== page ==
Find schools and get information on the program that’s right for you.
Powered by Campus Explorer
Montgomery County is a county in the state of Maryland. Based on the 2010 census, the population was 971,777, and a 2014 estimate put the
population at 1,030,447. It is the most populous county in Maryland. The county seat and largest municipality is Rockville, although the
census-designated place of Germantown is the most populous place.
Montgomery County is included in the Washington-Arlington-Alexandria, DC-VA-MD-WV Metropolitan Statistical Area.
Richard Montgomery, an American Revolutionary War general
County QuickFacts: CensusBureau Quick Facts
Before European immigration, the land now known as Montgomery County was covered in a vast swath of forest
crossed by the creeks and small streams that feed the Potomac and Patuxent rivers. A few small villages of the Piscataway, members of the
Algonquian people, were scattered across the southern portions of the county. North of the Great Falls of the Potomac, there were few
permanent settlements, and the Piscataway shared hunting camps and foot paths with members of rival peoples like the Susquehannocks and the
Captain John Smith of the English settlement at Jamestown was probably the first European to explore the area, during his travels along the Potomac River and throughout the Chesapeake region.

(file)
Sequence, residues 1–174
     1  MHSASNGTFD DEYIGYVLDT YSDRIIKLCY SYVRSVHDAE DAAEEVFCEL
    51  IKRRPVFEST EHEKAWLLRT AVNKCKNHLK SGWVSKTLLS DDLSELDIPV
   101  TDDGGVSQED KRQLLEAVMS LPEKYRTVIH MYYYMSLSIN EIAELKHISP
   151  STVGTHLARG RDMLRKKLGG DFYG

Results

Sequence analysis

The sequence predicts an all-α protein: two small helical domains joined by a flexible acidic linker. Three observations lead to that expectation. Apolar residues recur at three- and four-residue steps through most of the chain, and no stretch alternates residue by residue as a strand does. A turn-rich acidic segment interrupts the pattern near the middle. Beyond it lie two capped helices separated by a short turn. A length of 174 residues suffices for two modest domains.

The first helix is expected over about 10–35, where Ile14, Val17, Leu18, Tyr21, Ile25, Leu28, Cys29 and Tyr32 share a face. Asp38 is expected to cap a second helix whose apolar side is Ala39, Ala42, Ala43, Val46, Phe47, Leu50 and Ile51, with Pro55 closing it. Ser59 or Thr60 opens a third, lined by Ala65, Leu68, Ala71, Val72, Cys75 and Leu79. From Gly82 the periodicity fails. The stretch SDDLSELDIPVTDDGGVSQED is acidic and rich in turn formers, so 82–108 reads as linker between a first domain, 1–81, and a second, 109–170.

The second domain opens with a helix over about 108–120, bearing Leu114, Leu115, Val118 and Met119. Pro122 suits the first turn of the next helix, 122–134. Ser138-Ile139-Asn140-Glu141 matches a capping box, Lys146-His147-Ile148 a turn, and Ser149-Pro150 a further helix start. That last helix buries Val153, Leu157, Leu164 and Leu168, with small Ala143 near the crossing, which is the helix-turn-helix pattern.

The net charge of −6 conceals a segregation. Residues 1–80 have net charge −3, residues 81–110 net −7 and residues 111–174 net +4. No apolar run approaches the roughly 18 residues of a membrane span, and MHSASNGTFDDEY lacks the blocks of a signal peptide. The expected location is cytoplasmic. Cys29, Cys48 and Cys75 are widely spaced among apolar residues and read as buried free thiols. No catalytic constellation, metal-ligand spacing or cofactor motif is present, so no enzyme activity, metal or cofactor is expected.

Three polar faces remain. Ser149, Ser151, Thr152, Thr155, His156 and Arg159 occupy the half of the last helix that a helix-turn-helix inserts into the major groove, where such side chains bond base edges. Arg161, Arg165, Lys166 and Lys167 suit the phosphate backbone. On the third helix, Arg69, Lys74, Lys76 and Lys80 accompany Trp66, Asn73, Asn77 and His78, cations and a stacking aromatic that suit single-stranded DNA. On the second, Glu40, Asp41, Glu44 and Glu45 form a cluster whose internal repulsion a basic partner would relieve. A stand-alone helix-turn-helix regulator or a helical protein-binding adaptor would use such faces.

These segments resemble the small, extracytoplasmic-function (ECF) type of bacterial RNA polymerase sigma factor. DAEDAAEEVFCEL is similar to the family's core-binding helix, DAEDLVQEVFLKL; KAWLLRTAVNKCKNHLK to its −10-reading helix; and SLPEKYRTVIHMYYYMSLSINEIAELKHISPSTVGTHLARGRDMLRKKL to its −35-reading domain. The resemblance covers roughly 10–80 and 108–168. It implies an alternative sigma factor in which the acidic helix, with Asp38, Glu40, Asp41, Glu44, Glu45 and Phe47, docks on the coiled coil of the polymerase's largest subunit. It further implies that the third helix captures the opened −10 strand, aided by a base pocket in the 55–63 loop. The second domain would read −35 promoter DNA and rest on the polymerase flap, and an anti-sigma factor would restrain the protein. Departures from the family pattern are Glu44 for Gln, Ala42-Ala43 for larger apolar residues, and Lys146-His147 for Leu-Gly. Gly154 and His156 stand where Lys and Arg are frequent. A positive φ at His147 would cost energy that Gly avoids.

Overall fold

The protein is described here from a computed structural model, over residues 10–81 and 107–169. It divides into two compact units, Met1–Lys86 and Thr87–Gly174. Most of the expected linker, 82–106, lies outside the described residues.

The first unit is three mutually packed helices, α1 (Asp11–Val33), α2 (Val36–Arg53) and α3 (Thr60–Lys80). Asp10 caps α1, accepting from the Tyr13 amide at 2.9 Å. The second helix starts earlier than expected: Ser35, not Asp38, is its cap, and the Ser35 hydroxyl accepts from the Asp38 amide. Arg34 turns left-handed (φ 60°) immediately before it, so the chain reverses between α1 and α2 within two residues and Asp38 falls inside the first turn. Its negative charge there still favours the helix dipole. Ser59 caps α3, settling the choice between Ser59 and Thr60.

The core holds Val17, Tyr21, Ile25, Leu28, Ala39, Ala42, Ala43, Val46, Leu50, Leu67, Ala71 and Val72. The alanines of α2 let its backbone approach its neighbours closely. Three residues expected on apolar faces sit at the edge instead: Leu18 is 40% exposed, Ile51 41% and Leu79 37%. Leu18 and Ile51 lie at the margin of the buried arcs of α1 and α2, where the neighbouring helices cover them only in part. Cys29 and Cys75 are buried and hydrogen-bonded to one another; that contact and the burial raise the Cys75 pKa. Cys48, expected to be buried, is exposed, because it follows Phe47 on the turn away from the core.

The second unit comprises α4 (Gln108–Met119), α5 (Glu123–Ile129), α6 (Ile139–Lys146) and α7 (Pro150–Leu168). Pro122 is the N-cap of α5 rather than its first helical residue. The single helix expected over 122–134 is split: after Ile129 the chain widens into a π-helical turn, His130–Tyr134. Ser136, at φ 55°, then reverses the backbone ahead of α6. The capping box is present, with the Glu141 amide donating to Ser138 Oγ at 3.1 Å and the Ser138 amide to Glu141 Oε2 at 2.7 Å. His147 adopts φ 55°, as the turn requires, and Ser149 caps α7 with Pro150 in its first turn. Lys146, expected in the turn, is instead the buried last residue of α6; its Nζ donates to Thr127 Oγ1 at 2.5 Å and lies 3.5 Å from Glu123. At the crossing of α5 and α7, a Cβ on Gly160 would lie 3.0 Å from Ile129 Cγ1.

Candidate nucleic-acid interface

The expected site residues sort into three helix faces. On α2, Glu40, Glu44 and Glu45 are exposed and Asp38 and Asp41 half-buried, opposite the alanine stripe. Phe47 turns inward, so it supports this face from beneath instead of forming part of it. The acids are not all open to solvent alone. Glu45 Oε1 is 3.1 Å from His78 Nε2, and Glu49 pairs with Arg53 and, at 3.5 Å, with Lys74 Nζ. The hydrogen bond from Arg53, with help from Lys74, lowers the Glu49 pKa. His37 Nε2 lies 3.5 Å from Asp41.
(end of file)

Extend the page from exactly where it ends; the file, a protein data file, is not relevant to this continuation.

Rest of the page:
The Madison House in Brookeville was built around 1800 and originally owned by Caleb Bentley. The house provided refuge for President James Madison, on August 26, 1814, after the British burned Washington, DC, during the War of 1812.
These lands were claimed by Europeans for the first time when George Calvert, 1st Baron Baltimore was granted the charter for the colony of Maryland by Charles I of England. However, it was not until 1688 that the first tract of land in what is now Montgomery County was granted by the Calvert family to an individual colonist, a wealthy and prominent early Marylander named Henry Darnall. He and other early claimants had no intention of settling their families. They were little more than speculators, securing grants from the colonial leadership and then selling their lands in pieces to settlers. Thus, it was not until approximately 1715 that the first British settlers began building farms and plantations in the area.
These earliest settlers were English or Scottish immigrants from other portions of Maryland, German settlers moving down from Pennsylvania, or Quakers who came to settle on land granted to a convert named James Brooke in what is now Brookeville. Most of these early settlers were small farmers, growing wheat and a variety of other subsistence crops in addition to the region's main cash crop, tobacco. Many of the farmers owned slaves. They transported the tobacco they grew to market through the Potomac River port of Georgetown. Sparsely settled, the area's farms and taverns were nonetheless of strategic importance as access to the interior. General Edward Braddock's army traveled through the county on the way to its disastrous defeat at Fort Duquesne during the French and Indian War.